Infinite Riches in the Smallest Room

By Lucie Brock-Broido b. 1956 Lucie Brock-Broido
Silk spool of the recluse as she confects her eventual mythomania.

If it is written down, you can't rescind it.

Spoon and pottage bowl. You are starving. Come closer now.

What if I were gone and the wind still reeks of hyacinth, what then.

Who will I be: a gaudy arrangement of nuclei, an apple-size gray circle

On the tunic of a Jew, preventing more bad biological accidents

                                From breeding-in. I have not bred-

In. Each child still has one lantern inside lit. May the Mother not

Blow her children out. She says her hair is thinning, thin.

The flowerbed is black, sumptuous in emptiness.

Blue-footed mushrooms line the walkway to my door. I would as soon

Die as serve them in a salad to the man I love. We lie down

In the shape of a gondola. Venice is gorgeous cold. 3 December,

Unspeakable anxiety about locked-in syndrome, about a fourth world.

I cannot presume to say. The violin spider, she

Has six good eyes, arranged in threes.

                                The rims of wounds have wounds as well.

Sphinx, small print, you are inscrutable.

                                                            On the roads, blue thistles, barely

Visible by night, and, by these, you may yet find your way home.

Lucie Brock-Broido, "Infinite Riches in the Smallest Room" from Stay, Illusion. Copyright © 2013 by Lucie Brock-Broido.  Published with arrangement with Alfred A. Knopf, an imprint of The Knopf Doubleday Publishing Group, a division of Random House LLC.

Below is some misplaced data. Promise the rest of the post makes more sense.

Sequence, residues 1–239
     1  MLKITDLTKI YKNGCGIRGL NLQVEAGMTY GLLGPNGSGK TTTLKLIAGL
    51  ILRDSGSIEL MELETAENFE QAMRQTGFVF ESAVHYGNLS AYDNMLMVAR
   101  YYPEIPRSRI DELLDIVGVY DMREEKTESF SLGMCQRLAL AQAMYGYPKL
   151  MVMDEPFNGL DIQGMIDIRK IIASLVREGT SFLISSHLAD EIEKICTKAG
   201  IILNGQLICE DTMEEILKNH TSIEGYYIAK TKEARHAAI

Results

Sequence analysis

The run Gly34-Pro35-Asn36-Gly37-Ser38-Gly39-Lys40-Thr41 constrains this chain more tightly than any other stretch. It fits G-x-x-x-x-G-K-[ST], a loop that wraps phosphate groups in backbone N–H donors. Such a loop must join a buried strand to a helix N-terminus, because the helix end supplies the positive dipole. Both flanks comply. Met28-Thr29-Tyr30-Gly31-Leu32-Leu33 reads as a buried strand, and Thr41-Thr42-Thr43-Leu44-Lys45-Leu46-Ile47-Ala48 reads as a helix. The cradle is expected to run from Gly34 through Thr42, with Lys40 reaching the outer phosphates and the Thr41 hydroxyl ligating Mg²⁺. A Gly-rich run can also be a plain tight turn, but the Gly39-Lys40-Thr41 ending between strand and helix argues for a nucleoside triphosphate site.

Source: Stay, Illusion (Alfred A. Knopf, 2013)

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Poet Lucie Brock-Broido b. 1956

POET’S REGION U.S., Mid-Atlantic

Subjects Living, The Body, The Mind, Time & Brevity, Relationships, Family & Ancestors, Nature

 Lucie  Brock-Broido


Lucie Brock-Broido was born in Pittsburgh, was educated at Johns Hopkins and Columbia University, and has taught at Bennington, Princeton, Harvard (where she was a Briggs-Copeland poet), and Columbia. She is the recipient of fellowships from the NEA and the Guggenheim Foundation, as well as awards from the American Poetry Review and the Academy of American Arts and Letters.

In an interview with Carol Maso for BOMB magazine in . . .

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Poem Categorization

SUBJECT Living, The Body, The Mind, Time & Brevity, Relationships, Family & Ancestors, Nature

POET’S REGION U.S., Mid-Atlantic

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